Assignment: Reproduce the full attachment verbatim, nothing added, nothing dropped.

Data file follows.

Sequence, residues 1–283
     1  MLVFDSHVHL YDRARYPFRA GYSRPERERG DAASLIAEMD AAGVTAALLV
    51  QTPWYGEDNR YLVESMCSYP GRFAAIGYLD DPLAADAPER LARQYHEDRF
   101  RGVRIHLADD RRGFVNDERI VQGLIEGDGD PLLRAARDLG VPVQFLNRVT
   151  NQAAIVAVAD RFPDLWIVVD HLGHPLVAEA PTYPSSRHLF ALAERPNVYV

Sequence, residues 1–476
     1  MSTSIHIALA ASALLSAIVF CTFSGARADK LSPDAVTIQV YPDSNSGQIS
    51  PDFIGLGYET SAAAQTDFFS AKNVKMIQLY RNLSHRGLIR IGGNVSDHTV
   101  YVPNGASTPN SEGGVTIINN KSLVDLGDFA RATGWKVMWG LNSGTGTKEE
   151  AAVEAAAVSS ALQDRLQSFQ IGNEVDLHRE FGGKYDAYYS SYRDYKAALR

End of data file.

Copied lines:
Sequence, residues 1–283
     1  MLVFDSHVHL YDRARYPFRA GYSRPERERG DAASLIAEMD AAGVTAALLV
    51  QTPWYGEDNR YLVESMCSYP GRFAAIGYLD DPLAADAPER LARQYHEDRF
   101  RGVRIHLADD RRGFVNDERI VQGLIEGDGD PLLRAARDLG VPVQFLNRVT
   151  NQAAIVAVAD RFPDLWIVVD HLGHPLVAEA PTYPSSRHLF ALAERPNVYV

Sequence, residues 1–476
     1  MSTSIHIALA ASALLSAIVF CTFSGARADK LSPDAVTIQV YPDSNSGQIS
    51  PDFIGLGYET SAAAQTDFFS AKNVKMIQLY RNLSHRGLIR IGGNVSDHTV
   101  YVPNGASTPN SEGGVTIINN KSLVDLGDFA RATGWKVMWG LNSGTGTKEE
   151  AAVEAAAVSS ALQDRLQSFQ IGNEVDLHRE FGGKYDAYYS SYRDYKAALR